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War and Peace begins in 1805 with a gathering held by Anna Pavlovna Scherer in Petersberg. Prince Vasili is present and Anna Pavlovna makes it clear that she does not like his youngest child, Anatole, but says she will try to find him a wife. Pierre Bezuhov is also present and it is made clear that he does not know how to handle social situations. Central characters are then introduced as further illusions of the impending war are made. A discussion about Bonaparte follows a request from Princess Drubetskoy and Pierre defends him. Anna Pavlovna regards Pierre as too opinionated for this type of social gathering. After this gathering, Pierre makes it clear that he does not want to fight against Napoleon, who he thinks is the 'greatest man in the world'. When Pierre and Prince Andrei are alone, Prince Andrei warns him against marriage as he feels as though he has lost his freedom. The action then shifts to Moscow, in Chapter VII, where Anna Mihalovna is visiting the Rostovs.. The Rostovs' are also introduced and Boris tells Natasha Rostov he will ask her to marry him when she is sixteen. Count Bezuhov is dying and Boris and his mother visit him in order to ask for money. Since this attempt is of no avail, Countess Rostov finally gives her financial assistance. In Chapter XVIII, Pierre's father has now had his sixth stroke. Prince Vasili is anxious that there is a will, in which everything has been left to Pierre and wants it destroyed. Anna Mihalovna assists Pierre in teaching him how to conduct himself at this time of his father's illness and death as she tries to look after his interests which are evidently her own. Pierre's father finally dies as those around him) have a physical struggle over his last will. The last chapters of Book One are set in Bald Hills, which is the estate belonging to the Bolkonskys. Through a letter, which Princess Maria ,the sister of Prince Andrei receives from Julie Karagin. This letter is related that Pierre has been recognized as the legitimate son of Count Bezuhov and he has inherited everything. Book One ends with Prince Andrei departing for war and having left his wife Lisa with his sister and father.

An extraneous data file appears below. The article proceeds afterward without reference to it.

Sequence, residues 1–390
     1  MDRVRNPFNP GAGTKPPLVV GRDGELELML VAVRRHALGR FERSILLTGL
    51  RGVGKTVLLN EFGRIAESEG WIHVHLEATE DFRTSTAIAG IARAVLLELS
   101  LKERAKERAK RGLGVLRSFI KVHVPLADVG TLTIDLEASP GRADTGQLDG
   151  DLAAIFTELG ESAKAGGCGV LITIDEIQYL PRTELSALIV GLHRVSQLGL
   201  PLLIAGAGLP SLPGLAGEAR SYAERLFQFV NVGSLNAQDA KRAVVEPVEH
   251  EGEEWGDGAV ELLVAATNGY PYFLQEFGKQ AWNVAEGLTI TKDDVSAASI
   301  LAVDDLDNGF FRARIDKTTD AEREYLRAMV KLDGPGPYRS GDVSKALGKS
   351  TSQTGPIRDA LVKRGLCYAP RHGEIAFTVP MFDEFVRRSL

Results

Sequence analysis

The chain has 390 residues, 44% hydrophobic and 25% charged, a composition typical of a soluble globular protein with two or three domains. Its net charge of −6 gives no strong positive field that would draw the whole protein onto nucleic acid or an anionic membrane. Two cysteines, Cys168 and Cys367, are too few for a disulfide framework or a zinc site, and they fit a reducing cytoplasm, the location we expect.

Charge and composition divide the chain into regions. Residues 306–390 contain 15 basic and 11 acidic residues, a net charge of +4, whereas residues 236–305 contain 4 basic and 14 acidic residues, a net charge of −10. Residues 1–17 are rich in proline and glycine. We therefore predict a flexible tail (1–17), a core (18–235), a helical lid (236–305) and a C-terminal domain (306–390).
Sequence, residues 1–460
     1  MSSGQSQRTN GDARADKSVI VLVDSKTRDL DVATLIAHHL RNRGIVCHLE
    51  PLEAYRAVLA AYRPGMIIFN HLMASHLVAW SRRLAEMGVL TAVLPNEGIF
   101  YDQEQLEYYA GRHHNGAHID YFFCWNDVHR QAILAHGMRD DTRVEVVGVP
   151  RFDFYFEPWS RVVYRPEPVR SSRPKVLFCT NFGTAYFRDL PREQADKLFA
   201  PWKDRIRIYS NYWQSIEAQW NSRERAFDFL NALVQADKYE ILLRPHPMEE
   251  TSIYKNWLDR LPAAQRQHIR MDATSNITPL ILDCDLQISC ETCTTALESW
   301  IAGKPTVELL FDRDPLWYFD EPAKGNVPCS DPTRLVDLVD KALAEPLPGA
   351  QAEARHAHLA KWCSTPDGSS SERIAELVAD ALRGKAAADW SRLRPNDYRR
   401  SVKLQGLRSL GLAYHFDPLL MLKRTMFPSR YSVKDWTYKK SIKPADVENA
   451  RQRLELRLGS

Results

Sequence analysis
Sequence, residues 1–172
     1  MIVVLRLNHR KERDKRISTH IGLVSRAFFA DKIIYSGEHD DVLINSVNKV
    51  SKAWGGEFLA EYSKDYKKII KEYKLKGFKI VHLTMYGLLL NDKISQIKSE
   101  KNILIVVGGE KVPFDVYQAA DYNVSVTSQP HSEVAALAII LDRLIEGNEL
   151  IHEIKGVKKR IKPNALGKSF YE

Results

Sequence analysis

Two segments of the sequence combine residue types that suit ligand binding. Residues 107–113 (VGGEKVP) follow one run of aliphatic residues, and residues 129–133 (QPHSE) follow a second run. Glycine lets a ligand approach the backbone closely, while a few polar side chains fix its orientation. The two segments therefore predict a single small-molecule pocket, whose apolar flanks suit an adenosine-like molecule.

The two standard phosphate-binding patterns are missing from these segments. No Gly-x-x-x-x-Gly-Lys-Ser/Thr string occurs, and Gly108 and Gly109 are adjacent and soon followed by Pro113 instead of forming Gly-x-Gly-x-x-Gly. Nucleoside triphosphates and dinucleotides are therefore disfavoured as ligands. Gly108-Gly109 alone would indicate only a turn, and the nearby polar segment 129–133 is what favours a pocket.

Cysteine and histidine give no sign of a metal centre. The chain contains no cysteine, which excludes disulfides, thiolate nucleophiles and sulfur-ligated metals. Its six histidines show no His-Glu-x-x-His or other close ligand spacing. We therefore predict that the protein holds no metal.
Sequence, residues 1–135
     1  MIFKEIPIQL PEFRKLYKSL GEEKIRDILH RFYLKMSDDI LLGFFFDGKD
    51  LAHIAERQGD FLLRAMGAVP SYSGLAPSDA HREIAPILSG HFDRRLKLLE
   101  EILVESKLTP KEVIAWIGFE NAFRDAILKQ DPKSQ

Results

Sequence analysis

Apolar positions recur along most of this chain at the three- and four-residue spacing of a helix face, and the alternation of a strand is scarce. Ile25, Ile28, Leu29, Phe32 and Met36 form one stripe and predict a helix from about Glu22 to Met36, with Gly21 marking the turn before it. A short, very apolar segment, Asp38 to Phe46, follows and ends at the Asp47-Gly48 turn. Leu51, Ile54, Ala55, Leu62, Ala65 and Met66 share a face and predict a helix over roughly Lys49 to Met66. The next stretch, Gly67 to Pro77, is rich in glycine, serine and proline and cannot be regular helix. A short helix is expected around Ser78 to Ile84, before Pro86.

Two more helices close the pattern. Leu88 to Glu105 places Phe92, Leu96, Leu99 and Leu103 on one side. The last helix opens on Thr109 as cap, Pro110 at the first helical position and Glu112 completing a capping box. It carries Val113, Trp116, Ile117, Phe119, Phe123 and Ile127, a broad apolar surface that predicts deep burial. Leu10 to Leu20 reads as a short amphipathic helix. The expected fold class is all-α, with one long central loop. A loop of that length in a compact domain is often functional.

Book Two begins in October 1805 and the narrative is concerned with the war in Austria. The Russian army is cantoned in villages and towns of Austria. The Russians have marched for 200 miles and their boots have worn out. They are in disarray, understandably, and it declared that an inspection of the troops is due in Braunau. Confusion arises as the men are told firstly to change, and then change again and this reflects the lack of communication between those in the echelons of the army's hierarchy. Prince Andrei is present at this inspection, as an adjutant, and it is said that he has 'two diametrically opposed reputations'. In Chapter IV, Nikolai Rostov is focused upon. He is a cadet with the Hussars and he cannot find the purse of his superior, Denisov. Rostov is forced to apologize for accusing Telyanin of stealing (even though the accusation is true and Telyanin admits he committed the crime). Rostov has to apologize on the grounds that he will bring the regiment into disrepute. Orders are then given that the men are to march the next day.
A description of battle then follows. Prince Andrei thinks he is going to save the army, as he clearly desires glory. Whilst at Grunth with Bagration, he witnesses the whipping of a naked soldier who has been accused of stealing and this is in sharp contrast with the way Rostov and Telyanin were previously dealt with over a similar matter. As fighting, commences again, there are examples given of injured men and in Chapter XIX Rostov runs off when the French approach. His naivety (and youth) is expressed when he believes there has been a mistake: they cannot have meant to kill him. In the following chapter, further demonstrations of panicking soldiers are given and Prince Andrei delivers the message to retreat. Orders are given to abandon wounded soldiers, but some manage to drag themselves towards help. Rostov is injured and begs for assistance. That night there are boasts and lies about the brave actions performed that day. This Book ends on a note of disillusionment as Prince Andrei thinks this is all so strange and unlike what he had hoped and Rostov wonders what he came for.